Unlike most members of the women's movement (a notable exception being Sylvia Pankhurst who also rejected the nationalist line), Sharp was unwilling to end the campaign for the vote during the First World War. When she continued to refuse to pay income tax she was arrested and all of her property confiscated, including her typewriter. A pacifist, Sharp was also active in the Women's International League for Peace during the war. She would later record:
Personally, holding as I do the enfranchisement of women involved greater issues than could be involved in any war, even supposing that the objects of the Great War were those alleged, I cannot help regretting that any justification was given for the popular error which still sometimes ascribes the victory of the suffrage cause, in 1918, to women's war service. This assumption is true only in so far as gratitude to women offered an excuse to the anti-suffragists in the Cabinet and elsewhere to climb down with some dignity from a position that had become untenable before the war. I sometimes think that the art of politics consists in the provision of ladders to enable politicians to climb down from untenable positions.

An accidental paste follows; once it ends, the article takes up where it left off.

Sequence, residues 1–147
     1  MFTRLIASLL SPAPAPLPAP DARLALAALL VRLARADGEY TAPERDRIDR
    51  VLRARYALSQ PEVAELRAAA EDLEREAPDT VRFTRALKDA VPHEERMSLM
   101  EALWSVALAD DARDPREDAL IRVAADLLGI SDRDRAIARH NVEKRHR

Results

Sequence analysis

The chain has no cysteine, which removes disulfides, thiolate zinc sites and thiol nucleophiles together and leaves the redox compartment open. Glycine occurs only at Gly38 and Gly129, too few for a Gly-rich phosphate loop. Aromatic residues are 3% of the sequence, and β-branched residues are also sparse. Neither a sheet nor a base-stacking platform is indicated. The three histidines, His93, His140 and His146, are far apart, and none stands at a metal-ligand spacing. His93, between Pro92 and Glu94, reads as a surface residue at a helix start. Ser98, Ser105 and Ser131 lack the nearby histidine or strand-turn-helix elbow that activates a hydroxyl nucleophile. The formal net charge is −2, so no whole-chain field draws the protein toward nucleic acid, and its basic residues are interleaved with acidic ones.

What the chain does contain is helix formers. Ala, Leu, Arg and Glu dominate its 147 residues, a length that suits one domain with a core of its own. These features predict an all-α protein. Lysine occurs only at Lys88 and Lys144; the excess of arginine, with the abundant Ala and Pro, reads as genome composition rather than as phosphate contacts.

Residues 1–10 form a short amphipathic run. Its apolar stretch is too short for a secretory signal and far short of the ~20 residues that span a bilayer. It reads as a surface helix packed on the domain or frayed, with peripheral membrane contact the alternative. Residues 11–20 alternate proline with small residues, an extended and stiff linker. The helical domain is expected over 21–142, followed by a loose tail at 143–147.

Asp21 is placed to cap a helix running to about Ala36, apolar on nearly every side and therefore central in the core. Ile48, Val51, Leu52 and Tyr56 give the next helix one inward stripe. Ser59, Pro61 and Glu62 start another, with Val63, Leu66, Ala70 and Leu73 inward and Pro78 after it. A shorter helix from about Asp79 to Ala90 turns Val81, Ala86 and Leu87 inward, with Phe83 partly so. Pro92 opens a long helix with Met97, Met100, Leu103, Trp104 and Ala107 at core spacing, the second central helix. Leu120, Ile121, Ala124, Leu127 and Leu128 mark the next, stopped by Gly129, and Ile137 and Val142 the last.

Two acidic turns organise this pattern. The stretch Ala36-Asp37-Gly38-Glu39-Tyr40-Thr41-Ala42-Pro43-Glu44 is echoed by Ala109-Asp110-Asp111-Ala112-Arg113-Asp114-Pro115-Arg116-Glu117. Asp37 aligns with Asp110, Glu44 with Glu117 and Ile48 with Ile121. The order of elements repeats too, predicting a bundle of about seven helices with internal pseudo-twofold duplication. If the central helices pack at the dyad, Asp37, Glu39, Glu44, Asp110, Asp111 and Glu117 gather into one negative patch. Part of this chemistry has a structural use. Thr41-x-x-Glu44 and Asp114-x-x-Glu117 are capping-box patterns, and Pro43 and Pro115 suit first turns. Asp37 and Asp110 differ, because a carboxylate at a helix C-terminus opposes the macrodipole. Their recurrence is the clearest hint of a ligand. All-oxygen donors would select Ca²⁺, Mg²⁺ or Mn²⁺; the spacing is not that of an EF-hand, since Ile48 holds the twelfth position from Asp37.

Sharp was an active member of the Women Writers' Suffrage League. In August 1913, in response to the government tactic of keeping prisoners that would hunger strike until they were too weak to be active by means of the Cat and Mouse Act (Prisoners (Temporary Discharge for Ill Health) Act 1913), permitting their re-arrest as soon as they were active, Sharp was chosen to represent the WWSL in a delegation to meet with the Home Secretary, Reginald McKenna and discuss the Cat and Mouse Act. McKenna was unwilling to talk to them and when the women refused to leave the House of Commons, Mary Macarthur and Margaret McMillan were physically ejected and Sharp and Emmeline Pethick-Lawrence were arrested and sent to Holloway Prison.